Mount Kelud, Indonesia Villagers fled the slopes of one of Indonesia's deadliest volcanos Saturday after seismic readings indicated that an eruption had started after weeks of heightened activity.
But Surono, a senior government volcanologist who goes by a single name, told el-Shinta radio station late Saturday that monitoring equipment close to the crater of Mount Kelud was still working, indicating that there had been no eruption.
"In reality Kelud did not erupt," Surono said.
The volcano in the heart of densely populated Java island was shrouded in fog and no visual confirmation of the eruption reports was possible before night fell, government seismologist Umar Rosadi said.
Scores of people, including women hauling babies in slings, descended from the mountain in police trucks and on bicycles and motorcycles. Some were in tears, and many wore masks to protect against volcanic ash.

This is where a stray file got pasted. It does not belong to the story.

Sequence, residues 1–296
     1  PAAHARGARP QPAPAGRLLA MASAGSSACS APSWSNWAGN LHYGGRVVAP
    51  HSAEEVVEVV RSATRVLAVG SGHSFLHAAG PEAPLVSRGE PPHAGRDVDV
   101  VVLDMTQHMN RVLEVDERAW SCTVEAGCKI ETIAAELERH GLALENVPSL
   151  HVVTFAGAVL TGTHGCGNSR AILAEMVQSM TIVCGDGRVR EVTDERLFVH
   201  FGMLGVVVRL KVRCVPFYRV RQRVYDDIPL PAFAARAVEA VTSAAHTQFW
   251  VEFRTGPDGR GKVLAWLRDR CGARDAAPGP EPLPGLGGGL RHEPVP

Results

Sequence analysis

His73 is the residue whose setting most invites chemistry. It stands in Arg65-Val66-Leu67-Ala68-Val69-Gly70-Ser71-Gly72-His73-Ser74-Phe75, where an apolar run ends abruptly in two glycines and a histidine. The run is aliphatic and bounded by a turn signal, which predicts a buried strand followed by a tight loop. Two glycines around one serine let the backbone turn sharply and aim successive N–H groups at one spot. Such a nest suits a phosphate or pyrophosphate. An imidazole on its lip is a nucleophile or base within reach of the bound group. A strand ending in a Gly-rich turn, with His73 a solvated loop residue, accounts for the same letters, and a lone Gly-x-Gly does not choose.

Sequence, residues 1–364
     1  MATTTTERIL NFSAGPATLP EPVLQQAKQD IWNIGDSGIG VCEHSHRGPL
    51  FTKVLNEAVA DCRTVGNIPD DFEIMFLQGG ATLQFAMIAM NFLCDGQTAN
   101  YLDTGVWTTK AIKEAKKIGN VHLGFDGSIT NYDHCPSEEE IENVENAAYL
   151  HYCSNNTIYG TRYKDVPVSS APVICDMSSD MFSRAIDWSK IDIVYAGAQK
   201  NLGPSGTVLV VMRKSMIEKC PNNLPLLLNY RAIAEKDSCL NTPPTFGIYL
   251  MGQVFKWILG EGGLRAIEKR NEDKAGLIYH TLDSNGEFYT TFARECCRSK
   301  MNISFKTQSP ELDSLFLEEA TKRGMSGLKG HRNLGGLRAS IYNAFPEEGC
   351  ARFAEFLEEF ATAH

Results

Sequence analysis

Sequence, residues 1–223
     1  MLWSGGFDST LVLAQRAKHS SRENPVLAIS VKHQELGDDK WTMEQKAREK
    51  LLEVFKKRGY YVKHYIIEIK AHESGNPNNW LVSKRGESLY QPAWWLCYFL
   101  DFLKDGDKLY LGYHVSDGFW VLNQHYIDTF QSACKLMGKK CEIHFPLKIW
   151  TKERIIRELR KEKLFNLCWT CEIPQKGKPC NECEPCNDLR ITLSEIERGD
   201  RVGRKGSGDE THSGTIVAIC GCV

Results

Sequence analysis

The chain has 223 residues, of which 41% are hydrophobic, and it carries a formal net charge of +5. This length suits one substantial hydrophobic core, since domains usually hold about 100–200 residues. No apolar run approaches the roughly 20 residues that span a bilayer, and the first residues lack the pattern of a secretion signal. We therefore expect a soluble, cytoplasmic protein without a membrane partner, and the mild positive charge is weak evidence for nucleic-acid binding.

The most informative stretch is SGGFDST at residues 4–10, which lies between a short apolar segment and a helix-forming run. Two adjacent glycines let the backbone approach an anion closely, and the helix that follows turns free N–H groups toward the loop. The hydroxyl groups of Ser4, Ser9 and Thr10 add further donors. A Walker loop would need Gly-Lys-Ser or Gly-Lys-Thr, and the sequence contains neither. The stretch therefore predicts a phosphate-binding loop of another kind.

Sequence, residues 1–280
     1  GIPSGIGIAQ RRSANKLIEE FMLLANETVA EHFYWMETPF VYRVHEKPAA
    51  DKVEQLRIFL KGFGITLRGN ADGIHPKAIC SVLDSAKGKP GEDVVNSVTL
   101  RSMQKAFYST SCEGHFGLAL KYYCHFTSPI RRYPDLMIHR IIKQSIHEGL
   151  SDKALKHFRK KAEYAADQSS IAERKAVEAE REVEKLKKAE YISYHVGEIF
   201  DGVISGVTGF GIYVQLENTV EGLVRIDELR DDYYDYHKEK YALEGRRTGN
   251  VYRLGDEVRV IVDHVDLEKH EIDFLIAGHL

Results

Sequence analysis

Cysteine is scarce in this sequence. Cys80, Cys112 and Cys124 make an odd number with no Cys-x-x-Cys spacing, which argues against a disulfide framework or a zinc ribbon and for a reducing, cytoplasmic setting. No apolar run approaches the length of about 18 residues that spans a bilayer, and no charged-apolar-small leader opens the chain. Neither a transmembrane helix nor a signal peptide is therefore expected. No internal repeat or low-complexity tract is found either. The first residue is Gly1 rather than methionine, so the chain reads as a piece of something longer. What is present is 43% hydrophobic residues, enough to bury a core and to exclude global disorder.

"I am afraid because the authorities say this eruption will be worse than the ones that have come before," said Marsini, resident of a village three miles from the crater. "They say there may be poisonous gas. I am leaving now."
Rosadi and another government scientist said official monitors had left their posts after detecting continuous tremors.
For weeks, authorities have warned of an eruption and pleaded with villagers to move to tent camps or government buildings.
Thousands have evacuated villages closest to the crater but many people have insisted on staying behind to tend to crops or look after their houses.
Some apparently believe a local myth stating if they stayed at home without switching indoor lights on or speaking in a loud voice then the mountain would not erupt.